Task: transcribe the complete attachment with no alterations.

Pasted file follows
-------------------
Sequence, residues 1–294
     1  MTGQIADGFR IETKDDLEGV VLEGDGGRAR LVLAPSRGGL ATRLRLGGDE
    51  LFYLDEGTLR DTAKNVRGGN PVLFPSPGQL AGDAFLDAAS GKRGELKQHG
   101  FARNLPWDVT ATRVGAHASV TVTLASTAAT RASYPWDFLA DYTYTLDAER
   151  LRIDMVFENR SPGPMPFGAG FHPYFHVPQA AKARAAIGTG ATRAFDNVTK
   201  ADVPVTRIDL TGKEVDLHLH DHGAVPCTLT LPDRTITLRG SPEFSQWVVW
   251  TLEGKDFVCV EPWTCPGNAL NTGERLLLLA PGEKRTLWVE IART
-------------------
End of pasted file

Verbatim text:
Sequence, residues 1–294
     1  MTGQIADGFR IETKDDLEGV VLEGDGGRAR LVLAPSRGGL ATRLRLGGDE
    51  LFYLDEGTLR DTAKNVRGGN PVLFPSPGQL AGDAFLDAAS GKRGELKQHG
   101  FARNLPWDVT ATRVGAHASV TVTLASTAAT RASYPWDFLA DYTYTLDAER
   151  LRIDMVFENR SPGPMPFGAG FHPYFHVPQA AKARAAIGTG ATRAFDNVTK
   201  ADVPVTRIDL TGKEVDLHLH DHGAVPCTLT LPDRTITLRG SPEFSQWVVW
   251  TLEGKDFVCV EPWTCPGNAL NTGERLLLLA PGEKRTLWVE IART